The loss of a family member or friend, sad as it may be, is hardly unusual.
Around 7,500 people die each day in the United States—one person every 11.5 seconds. By your 50s and 60s, you’ve almost certainly had personal experience with death—a parent’s death, other close family members, and/or personal friends.
And yet, when you hear that someone has died, it’s still hard to know what to say to their loved ones.
Part of the reason is that seeing the grief and pain of others surrounding death is uncomfortable. You also may be grappling with your own feelings about your experiences.
They may also be busy making arrangements, causing it to appear like they’re handling the death particularly well. “Then you might find a few months later that it’s all starting to hit,” says Peter A. Lichtenberg, PhD. He’s a clinical psychologist and Director of the Institute of Gerontology at Wayne State University in Detroit, as well as widower twice over. “Grief is very variable.”
“It brings out a sense of finality and a sense of helplessness in all of us,” says Lichtenberg. “Those are tough feelings to deal with within yourself and then be appropriately supportive.”
Here are the expressions to avoid when someone passes, along with loving alternatives they may need to hear.
“You’re so strong.”
Complimenting a grieving person on their resilience sounds like a good idea, right? But in the beginning, especially, the bereaved may still be processing the situation. “It’s not strength, it’s shock,” says Anne-Marie Lockmyer, a widow, grief recovery specialist and author of When Their World Stops: The Essential Guide to Truly Helping Anyone in Grief. “We may look like we’re doing okay, but we’re not.”
In the meantime, you’re setting expectations for behavior that are tough to live up to—perhaps because you need to perceive the bereaved as coping well. “Grievers are award-winning actors,” says Lockmyer, “because that’s how people want to see us.”
What to say instead: “I can see you’re hurting. This is really hard.”
Rather than noting the grieving person’s toughness, go the opposite route and acknowledge their pain. Simple, empathetic statements like “This must be terrible” or “I miss them, too” can validate their feelings and let them know it’s okay to mourn.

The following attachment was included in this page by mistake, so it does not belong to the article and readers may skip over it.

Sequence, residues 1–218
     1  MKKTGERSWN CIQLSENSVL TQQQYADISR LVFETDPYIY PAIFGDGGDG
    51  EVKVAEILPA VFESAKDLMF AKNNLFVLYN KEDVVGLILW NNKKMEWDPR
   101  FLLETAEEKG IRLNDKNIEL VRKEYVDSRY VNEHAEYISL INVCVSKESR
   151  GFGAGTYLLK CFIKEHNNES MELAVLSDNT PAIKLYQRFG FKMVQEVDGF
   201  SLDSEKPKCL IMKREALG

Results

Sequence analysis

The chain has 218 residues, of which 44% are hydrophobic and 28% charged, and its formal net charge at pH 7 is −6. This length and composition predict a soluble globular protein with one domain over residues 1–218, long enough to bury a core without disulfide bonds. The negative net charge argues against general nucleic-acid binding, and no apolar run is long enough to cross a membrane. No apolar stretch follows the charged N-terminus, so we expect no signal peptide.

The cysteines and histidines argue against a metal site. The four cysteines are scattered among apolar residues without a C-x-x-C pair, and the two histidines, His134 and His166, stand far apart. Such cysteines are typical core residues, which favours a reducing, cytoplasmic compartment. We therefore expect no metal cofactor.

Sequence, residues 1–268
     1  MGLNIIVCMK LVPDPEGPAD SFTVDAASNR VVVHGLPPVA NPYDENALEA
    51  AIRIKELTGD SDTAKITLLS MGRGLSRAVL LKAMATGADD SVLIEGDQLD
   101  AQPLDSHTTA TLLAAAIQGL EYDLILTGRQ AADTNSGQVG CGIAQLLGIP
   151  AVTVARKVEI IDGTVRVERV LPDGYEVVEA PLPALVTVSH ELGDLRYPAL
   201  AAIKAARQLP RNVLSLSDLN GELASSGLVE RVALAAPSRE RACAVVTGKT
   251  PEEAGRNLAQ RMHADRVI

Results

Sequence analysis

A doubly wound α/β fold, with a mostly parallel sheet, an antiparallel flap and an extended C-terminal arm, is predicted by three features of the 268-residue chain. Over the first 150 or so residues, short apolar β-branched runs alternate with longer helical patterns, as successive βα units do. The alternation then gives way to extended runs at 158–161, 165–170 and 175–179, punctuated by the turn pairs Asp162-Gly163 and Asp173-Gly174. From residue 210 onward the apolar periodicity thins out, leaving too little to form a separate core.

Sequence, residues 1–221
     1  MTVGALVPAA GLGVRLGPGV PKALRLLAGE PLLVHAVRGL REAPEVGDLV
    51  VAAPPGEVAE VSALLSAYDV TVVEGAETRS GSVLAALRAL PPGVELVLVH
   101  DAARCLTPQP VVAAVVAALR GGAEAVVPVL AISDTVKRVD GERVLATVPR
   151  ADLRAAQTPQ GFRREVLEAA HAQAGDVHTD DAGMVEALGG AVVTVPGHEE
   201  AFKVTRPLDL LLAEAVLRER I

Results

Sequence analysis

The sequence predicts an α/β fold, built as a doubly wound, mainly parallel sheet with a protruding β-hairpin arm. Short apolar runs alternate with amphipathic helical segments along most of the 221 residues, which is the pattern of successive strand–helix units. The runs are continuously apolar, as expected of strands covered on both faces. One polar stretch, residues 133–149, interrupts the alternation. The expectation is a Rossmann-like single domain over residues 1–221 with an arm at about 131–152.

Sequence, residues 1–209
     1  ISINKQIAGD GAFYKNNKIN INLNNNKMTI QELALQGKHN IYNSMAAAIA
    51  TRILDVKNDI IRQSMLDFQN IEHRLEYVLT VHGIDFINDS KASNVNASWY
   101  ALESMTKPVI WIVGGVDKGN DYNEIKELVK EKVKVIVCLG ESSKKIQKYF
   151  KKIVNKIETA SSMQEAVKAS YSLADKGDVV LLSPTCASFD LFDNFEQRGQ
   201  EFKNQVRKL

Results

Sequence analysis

“At least she isn’t suffering anymore.”
Bright-side statements like this, which also include “Things happen for a reason” and “At least they’re in a better place,” are driven by good intentions. We know navigating death is scary and stressful, so we focus on any dim silver lining.
But the reality is, nothing you say will fix things. You have to be comfortable being uncomfortable, says Lockmyer, and that means watching someone hurt. The upside: “When someone realizes that there is nothing they can say to take away the pain, “it actually takes pressure off them to say the ‘right’ thing.”
Speaking about the right thing—whatever you do, avoid “at least.”
“People will say, ‘At least they went fast,’ ‘At least you have other children,’ ‘At least you had a good marriage,’” she says. “Any time there’s an ‘at least,’ it’s not going to be good.”
“When you say ‘at least,’ you’re really telling somebody this is how they should think about it,” says Lichtenberg. “And you don’t really have the right to do that, because grief is so private and personal.”
What to say instead: “I don’t know what to say—I just want you to know I care.”
Instead of offering your wisdom, keep it unassuming and heartfelt. A simple “I’m so, so sorry,” is perfectly acceptable. And if you can’t find the words, that’s okay, too. Literally saying “There are no words” is a fine alternative.